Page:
In a preferred embodiment of the invention, the dispensing chute, which is located adjacent the discharge opening for receiving the cut sections of the cushioning product, has a downwardly sloped bottom surface onto which the cut section of the cushioning product is deposited for sliding by gravity to a lower end of the dispensing chute where an abutment forms a stop engageable by a leading end of the cut section. The abutment or stop thus prevents further downward movement of the cut section and thereby holds the cut section at the pick-up position. The chute also preferably has upright side walls for guiding the cut section along the sloped bottom surface and a downwardly inclined top wall adjacent the discharge outlet of the conversion machine. The inclined top wall is positioned in the path of the cushioning product exiting the discharge outlet of the conversion machine for deflecting the cushioning product downwardly toward the sloped bottom surface. The chute at its lower end has an open top through which the cut section may be removed form the chute. As is preferred, the open top has a length slightly less than the length or range of lengths of cut sections to be dispensed, such that a trailing end of the cut section will be overlapped by the top wall adjacent the top opening when the leading end of the cut section is resting against the abutment. This permits convenient mounting to the top wall of a proximity sensor which functions to detect the presence of a cut section at the pick-up location.
The foregoing and other features of the invention are hereinafter more fully described and particularly pointed out in the claims. The following description and annexed drawings set forth in detail an illustrative embodiment, this embodiment being indicative of but one of the various ways in which the principles of the invention may be employed.
FIG. 1 is a side elevational view of a packaging system according to the present invention, the system including a cushion-creating machine and an inclined chute.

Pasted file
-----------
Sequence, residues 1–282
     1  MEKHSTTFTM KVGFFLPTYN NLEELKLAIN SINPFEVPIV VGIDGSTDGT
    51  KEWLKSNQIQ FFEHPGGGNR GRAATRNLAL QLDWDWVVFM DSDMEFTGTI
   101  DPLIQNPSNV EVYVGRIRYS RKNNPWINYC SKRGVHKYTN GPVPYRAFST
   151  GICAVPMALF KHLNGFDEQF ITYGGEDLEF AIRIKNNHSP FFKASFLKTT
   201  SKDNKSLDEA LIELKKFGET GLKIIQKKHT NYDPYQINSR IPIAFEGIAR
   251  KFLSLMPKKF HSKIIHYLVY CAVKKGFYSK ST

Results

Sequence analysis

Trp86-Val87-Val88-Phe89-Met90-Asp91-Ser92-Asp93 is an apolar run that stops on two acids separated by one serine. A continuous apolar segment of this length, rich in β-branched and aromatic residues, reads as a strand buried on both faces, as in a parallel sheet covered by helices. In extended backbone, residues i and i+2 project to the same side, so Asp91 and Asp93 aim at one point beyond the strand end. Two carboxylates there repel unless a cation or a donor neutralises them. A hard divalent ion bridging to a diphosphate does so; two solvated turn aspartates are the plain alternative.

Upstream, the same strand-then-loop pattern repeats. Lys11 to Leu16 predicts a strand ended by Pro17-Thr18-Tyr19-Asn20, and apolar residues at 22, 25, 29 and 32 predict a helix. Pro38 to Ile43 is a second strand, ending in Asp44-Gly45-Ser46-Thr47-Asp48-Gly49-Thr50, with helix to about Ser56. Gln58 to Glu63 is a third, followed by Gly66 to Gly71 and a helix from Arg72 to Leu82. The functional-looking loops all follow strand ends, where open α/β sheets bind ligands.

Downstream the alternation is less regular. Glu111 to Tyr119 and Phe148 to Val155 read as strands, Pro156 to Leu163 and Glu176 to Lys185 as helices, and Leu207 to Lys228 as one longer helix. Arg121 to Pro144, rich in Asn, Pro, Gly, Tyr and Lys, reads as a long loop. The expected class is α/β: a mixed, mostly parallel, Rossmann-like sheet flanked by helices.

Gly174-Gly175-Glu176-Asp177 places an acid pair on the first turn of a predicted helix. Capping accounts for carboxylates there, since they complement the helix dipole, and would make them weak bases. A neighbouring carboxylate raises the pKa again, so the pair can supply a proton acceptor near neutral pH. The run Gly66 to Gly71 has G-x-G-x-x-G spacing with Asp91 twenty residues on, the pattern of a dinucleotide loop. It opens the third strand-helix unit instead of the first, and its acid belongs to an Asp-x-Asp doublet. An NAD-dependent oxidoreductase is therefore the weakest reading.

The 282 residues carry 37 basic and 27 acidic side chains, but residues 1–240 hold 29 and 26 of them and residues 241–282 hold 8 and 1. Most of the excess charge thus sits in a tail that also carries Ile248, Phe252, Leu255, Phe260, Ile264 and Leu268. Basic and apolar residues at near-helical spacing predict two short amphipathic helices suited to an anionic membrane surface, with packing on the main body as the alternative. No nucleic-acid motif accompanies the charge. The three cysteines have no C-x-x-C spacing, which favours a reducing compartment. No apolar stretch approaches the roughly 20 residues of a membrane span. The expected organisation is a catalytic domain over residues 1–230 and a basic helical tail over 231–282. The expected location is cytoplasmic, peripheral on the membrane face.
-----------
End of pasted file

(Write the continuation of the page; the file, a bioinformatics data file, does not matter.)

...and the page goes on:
FIG. 2 is a front elevational view of the packaging system.
FIG. 3 is a top plan view of the cushion-creating machine with the top thereof removed to permit viewing of internal components thereof.
FIG. 4 is a plan view of the inclined chute.
FIG. 5 is a side view of the inclined chute.
FIG. 6 is a plan view of a packaging system installation.
Referring now to the drawings in detail and initially to FIGS. 1 and 2, a packaging system according to the present invention is shown generally at 8.
The packaging system 8 includes a cushion-creating machine 10 and an inclined chute 12 which is positioned adjacent and preferably attached to the machine 10. As is explained in more detail below, the inclined chute 12 provides a transitional zone which presents cut sections of a cushioning product, hereinafter also referred to a pads, in an orderly sequential fashion for pick-up, which occupies a minimal amount of space, and which maximizes packaging efficiency.
In the illustrated and preferred embodiment of the invention, the cushion-creating machine 10 is a cushioning conversion machine which is shown loaded with a roll of sheet-like stock material 22. The stock material 22 may consist of three superimposed webs of biodegradable, recyclable and reusable thirty-pound Kraft paper rolled onto a hollow cylindrical tube. The machine 10 converts this stock material 22 into cushioning products, or pads, of a desired length.